June 8, 2020 / 5:18 PM / a month ago

GRAINS-Soybeans hover near two-month top on strong demand

* Soybeans correct after week of strong export sales to China

* Corn strengthens on Ethanol revival

* Wheat trims as harvest mounts (New throughout; changes dateline, previous SINGAPORE/PARIS)

By Christopher Walljasper

CHICAGO, June 8 (Reuters) - Chicago soybean futures edged lower on Monday on technical selling, after reaching a two-month high following a week of strong export sales.

Corn gained as higher oil prices boosted hopes for ethanol demand and concerns loomed over mounting dryness in parts of the Midwest.

Wheat slipped as harvests in Texas and Oklahoma continue, while rains in the Northern Great Plains bolstered flagging crops across the Dakotas.

The most-active soybean contract on the Chicago Board Of Trade (CBOT) was down 3-1/2 cents at $8.64-1/2 a bushel at 11:26 a.m. CDT (1626 GMT). It hit $8.73-1/2 a bushel on Friday, the highest since April 1.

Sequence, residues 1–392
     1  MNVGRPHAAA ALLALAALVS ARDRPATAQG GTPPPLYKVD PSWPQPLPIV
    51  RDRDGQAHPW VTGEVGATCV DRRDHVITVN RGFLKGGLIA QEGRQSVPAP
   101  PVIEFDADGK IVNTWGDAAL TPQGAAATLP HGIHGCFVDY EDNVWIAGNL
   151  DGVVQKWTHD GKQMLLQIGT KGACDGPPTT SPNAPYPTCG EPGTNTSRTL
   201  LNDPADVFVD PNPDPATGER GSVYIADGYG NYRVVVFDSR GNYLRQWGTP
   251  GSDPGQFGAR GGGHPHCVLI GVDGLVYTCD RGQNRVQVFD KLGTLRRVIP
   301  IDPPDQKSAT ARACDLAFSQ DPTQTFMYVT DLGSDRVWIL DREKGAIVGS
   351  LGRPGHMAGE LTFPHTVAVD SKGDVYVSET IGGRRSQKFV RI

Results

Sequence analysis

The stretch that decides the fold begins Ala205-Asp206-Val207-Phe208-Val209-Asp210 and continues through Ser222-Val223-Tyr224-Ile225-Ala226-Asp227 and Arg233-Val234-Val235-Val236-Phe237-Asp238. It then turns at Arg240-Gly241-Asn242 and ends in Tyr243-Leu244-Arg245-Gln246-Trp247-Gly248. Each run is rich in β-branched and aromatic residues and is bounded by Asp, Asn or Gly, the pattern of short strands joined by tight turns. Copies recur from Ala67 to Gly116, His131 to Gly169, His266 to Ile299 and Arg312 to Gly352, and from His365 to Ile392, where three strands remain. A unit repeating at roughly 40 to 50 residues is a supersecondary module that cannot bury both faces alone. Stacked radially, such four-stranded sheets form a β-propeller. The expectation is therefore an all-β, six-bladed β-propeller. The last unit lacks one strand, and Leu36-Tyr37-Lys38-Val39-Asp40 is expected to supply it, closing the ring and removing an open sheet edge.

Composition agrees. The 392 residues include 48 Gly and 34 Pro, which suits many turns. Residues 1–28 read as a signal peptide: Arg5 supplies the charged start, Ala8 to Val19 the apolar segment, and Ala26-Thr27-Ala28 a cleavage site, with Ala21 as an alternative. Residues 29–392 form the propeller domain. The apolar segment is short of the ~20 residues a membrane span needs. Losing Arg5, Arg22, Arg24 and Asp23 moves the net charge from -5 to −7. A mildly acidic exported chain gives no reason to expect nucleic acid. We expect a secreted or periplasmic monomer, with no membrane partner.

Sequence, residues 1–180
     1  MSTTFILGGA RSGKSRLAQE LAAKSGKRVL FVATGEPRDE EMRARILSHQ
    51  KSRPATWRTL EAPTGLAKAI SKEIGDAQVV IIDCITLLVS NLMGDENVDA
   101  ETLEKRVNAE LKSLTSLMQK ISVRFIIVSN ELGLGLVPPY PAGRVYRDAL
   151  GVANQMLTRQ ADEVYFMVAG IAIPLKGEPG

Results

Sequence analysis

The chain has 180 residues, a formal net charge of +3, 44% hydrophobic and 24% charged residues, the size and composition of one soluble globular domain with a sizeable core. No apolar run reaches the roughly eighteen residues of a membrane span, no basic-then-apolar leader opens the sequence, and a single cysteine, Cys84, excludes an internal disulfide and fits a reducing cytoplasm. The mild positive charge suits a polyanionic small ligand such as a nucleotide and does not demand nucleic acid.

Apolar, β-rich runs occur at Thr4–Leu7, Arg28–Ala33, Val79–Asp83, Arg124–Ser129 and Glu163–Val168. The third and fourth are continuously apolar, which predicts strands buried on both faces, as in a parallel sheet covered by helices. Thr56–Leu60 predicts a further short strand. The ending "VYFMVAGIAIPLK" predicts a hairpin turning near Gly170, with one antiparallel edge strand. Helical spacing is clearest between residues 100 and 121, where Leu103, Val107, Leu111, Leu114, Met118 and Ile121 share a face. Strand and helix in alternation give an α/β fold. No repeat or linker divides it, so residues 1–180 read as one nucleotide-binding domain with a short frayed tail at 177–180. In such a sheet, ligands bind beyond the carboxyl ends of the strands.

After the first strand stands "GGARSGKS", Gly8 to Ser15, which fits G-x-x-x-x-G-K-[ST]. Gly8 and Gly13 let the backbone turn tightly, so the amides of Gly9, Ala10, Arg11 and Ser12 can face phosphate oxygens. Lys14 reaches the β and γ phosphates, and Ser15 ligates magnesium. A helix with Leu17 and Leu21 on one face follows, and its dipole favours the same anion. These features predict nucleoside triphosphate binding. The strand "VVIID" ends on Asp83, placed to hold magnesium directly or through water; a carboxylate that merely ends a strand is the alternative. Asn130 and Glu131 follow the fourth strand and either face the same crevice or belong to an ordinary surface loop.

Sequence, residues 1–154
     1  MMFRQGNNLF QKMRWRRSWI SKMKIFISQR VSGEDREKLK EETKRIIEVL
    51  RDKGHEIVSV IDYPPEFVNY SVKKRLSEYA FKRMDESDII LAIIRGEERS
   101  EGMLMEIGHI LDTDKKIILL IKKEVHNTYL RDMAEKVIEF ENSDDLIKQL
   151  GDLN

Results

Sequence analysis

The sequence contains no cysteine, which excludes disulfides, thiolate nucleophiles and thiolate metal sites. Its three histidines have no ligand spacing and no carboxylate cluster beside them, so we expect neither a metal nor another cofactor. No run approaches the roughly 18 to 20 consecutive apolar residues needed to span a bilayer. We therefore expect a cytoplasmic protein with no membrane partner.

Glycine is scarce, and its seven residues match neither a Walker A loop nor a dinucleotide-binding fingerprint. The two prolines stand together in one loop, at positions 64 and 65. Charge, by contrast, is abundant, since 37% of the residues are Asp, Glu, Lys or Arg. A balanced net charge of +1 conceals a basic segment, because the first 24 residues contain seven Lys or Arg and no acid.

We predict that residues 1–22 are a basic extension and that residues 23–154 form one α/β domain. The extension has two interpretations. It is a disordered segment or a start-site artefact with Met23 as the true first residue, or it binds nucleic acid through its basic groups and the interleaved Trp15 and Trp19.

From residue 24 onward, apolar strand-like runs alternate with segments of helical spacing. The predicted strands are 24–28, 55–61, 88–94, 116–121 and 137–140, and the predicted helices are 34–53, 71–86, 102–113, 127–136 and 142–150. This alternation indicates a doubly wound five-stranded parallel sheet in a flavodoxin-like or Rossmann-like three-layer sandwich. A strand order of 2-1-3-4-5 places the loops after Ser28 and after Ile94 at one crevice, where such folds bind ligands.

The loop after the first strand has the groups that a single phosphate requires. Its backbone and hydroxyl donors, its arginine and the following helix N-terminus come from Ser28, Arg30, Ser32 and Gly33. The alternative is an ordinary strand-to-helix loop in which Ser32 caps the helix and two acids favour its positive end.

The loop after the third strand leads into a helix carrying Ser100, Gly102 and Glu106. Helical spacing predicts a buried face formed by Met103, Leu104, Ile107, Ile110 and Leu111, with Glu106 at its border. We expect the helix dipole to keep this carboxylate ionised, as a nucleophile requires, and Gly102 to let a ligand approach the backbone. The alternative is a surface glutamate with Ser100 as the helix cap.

Corn rose 1-1/4 cent to $3.32-1/2 a bushel, while wheat fell 5-1/4 cents to $5.10 a bushel.

CBOT soybeans remained near two-month highs after U.S. exporters reported sales of soybeans four straight days last week in deals widely thought to be bound for China.

“I’m going to say this is a correction, following a pretty sizeable run-up,” said Joe Vaclavik, president of Standard Grain. “I don’t know that there’s anything fundamentally that’s led to this sell-off today.”

The U.S. Department of Agriculture on Friday reported 588,000 tonnes of soybean sales.

Corn rose on increased demand for the grain. Ethanol production is increasing as the U.S. economic reopening continues, while farmers remain hesitant to sell.

Large speculators increased their net short position in CBOT corn futures in the week ended June 2, regulatory data released on Friday showed.

“You may have some selling, and at least bull spreading the corn market,” said Mark Schultz, chief analyst at Northstar Commodity.

Harvesting in the U.S. Southern plains added to pressure on wheat. But it was supported by news parts of Russia could see the wheat crop fall by 40% compared with last year due to cold weather and drought. (Reporting by Christopher Walljasper; additional reporting by Naveen Thukral; Editing by Tom Brown)

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